University of Iowa News Release
Feb. 10, 2006
UI Virtual Soldier Program Receives $1.6 Million To Help Design New Armor
The body armor worn by future U.S. soldiers likely will have a University of Iowa connection, thanks to a $1.6 million, three-year contract the army has signed with the UI's Virtual Soldier Research (VSR) Program.
Located within the College of Engineering's Center for Computer-Aided Design (CCAD), the two-and-a-half-year-old VSR program has won a total of $9.8 million in funding to use computer-generated humans for projects ranging from clothing design to vehicle design and analysis.
Dr. Karim Abdel-Malek, professor of biomedical engineering and CCAD and VSR director, says that the body armor project is partly inspired by the experience of soldiers currently fighting in Iraq. The U.S. military has sensed the need for designing and implementing a more sophisticated armor system for the individual soldier, he says.
"Today, soldiers must choose either torso armor, which is typically composed of plates used as insertions in a vest, or rigid pre-designed armor vests," he says. "However, both types of armor are insufficient for complete soldier protection. What is needed is armor that provides full protection without inhibiting agility and flexibility. While there is no shortage of new concepts for armor, it is difficult to imagine how the test designs might be evaluated, short of having soldiers serve as test subjects in the field, which is clearly an unacceptable process."
That is where the University of Iowa VSR program comes in.
The U.S. Army Soldier Systems Center (Natick), located in Natick, Mass., set out to find the best human simulation system that can be used to test the armor options in the digital world, says Abdel-Malek. They selected VSR from among the many respondents to a national search. Natick and VSR will use virtual soldiers of varying size, weight and strength to test armor and determine which configuration is most effective in providing protection while allowing for maximum agility and flexibility.
To conduct the tests, the University of Iowa VSR program will rely on its virtual soldier model, called Santos™. The main goal for VSR is to develop a complete biomechanically accurate human model capable of testing various armor configurations while performing different tasks typically assigned to a soldier. Abdel-Malek says that substantial research in human modeling and simulation will be needed as part of a concerted effort by engineers, medical doctors, physiologists, computer graphics professionals and experts in many other disciplines. While the research challenges over the next three years will be substantial, the possibilities for using this technology to help soldiers are endless. Dr. Tim Marler, senior research scientist at VSR, says the research that will be conducted for Natick, especially with regard to approximate muscle models and whole-body dynamic motion prediction, promises to have a substantial impact, not only for Natick but also for a wide variety of industries and applications.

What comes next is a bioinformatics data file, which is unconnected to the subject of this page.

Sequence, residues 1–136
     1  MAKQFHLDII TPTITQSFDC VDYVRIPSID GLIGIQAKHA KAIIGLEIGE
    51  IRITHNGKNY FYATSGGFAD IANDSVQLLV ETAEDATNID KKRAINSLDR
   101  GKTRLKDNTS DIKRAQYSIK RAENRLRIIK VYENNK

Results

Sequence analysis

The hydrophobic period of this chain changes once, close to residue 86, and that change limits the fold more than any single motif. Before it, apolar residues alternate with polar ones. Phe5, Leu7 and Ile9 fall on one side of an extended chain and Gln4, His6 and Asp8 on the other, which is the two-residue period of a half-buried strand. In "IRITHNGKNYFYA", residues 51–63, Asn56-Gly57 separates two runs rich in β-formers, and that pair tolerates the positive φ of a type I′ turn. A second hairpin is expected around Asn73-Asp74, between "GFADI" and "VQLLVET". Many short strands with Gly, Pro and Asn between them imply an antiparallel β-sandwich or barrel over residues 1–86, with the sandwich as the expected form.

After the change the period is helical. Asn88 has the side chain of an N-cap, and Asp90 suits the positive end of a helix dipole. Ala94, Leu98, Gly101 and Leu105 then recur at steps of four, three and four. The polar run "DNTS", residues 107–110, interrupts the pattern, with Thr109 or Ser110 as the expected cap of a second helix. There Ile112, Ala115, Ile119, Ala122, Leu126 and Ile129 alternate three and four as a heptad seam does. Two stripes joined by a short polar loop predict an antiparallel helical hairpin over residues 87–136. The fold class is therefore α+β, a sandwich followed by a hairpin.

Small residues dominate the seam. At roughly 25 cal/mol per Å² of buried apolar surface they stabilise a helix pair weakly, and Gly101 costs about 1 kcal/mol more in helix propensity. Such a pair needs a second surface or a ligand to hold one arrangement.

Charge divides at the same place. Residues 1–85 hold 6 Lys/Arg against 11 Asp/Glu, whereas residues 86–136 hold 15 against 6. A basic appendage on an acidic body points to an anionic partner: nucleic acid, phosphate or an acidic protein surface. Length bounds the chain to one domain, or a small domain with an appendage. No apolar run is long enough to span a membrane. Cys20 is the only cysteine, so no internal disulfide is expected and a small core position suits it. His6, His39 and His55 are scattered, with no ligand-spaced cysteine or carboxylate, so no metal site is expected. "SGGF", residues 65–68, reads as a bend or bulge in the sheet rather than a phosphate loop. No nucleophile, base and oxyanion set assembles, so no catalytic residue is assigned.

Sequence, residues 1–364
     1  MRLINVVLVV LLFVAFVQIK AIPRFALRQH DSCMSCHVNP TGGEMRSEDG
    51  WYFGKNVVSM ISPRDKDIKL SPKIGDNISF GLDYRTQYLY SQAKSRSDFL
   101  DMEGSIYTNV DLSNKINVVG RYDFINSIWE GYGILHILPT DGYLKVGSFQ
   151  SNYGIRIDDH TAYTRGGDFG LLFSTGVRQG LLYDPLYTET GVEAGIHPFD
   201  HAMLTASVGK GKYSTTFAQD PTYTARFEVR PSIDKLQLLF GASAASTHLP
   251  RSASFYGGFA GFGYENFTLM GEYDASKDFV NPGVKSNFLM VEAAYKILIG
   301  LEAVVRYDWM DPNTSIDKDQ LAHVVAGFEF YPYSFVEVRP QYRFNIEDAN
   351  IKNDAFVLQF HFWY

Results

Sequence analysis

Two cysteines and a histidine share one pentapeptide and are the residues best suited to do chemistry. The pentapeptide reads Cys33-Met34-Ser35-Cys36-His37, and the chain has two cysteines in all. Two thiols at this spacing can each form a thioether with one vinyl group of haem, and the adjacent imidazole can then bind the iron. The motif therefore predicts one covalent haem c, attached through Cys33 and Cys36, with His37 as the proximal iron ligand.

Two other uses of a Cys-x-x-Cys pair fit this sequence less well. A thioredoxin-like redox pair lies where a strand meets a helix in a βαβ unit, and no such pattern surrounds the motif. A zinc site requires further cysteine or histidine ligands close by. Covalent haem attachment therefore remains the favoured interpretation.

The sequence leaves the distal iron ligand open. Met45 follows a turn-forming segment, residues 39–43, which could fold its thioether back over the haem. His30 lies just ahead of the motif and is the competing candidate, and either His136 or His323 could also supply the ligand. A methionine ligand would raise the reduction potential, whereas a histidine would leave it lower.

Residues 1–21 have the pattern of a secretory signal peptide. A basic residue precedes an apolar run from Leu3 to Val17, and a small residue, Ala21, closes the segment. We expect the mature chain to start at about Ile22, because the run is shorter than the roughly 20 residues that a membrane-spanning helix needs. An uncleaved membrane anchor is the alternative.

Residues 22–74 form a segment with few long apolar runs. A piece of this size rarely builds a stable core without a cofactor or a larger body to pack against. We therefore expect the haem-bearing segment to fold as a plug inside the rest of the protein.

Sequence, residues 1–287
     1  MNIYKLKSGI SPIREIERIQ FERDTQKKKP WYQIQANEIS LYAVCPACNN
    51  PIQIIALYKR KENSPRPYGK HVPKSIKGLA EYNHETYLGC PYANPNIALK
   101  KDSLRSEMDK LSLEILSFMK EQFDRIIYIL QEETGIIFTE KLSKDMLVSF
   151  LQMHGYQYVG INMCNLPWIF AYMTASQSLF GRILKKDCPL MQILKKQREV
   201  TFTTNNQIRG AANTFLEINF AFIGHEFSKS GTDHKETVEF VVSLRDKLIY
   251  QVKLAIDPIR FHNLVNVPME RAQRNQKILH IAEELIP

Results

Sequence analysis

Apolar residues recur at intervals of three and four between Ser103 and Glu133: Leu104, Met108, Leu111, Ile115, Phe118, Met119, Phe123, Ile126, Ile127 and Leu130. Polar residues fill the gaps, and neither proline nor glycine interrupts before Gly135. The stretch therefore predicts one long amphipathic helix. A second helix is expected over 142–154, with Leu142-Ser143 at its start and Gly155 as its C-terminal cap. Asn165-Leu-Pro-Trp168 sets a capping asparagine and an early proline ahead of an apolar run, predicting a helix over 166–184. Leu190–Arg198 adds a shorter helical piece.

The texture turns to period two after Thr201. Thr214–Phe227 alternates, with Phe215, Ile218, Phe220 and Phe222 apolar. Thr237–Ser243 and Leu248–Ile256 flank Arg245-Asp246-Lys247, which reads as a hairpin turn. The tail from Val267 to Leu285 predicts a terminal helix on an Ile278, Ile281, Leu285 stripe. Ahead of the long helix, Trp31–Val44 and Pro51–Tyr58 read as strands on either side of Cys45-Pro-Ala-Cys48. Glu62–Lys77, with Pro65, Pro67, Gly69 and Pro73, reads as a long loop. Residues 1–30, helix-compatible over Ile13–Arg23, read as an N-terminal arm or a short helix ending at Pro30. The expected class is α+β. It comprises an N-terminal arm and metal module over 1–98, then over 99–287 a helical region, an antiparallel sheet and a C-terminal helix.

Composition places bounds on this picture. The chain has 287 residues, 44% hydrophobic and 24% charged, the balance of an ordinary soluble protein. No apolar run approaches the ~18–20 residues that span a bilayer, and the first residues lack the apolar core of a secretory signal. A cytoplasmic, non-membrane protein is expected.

In addition to Abdel-Malek, research project leaders include: Tim Marler, VSR senior research scientist and adjunct assistant professor; Laura Frey Law, assistant professor of physical therapy and rehabilitation science in the Roy J. and Lucille A. Carver College of Medicine; Colby Swan, associate professor of civil and environmental engineering; Jasbir Arora, professor of civil and environmental engineering and VSR associate director; and Steve Beck, VSR senior projects manager. The VSR team consists of 35 researchers from various colleges on the University of Iowa campus.
(Note to editors: The VSR team has attained national and international recognition for developing the most advanced digital human system. Recently the Discovery Channel broadcast a segment offering a description of the virtual soldier model called Santos. The segment can be viewed by visiting the VSR Web site: http://www.digital-humans.org/main.htm.)
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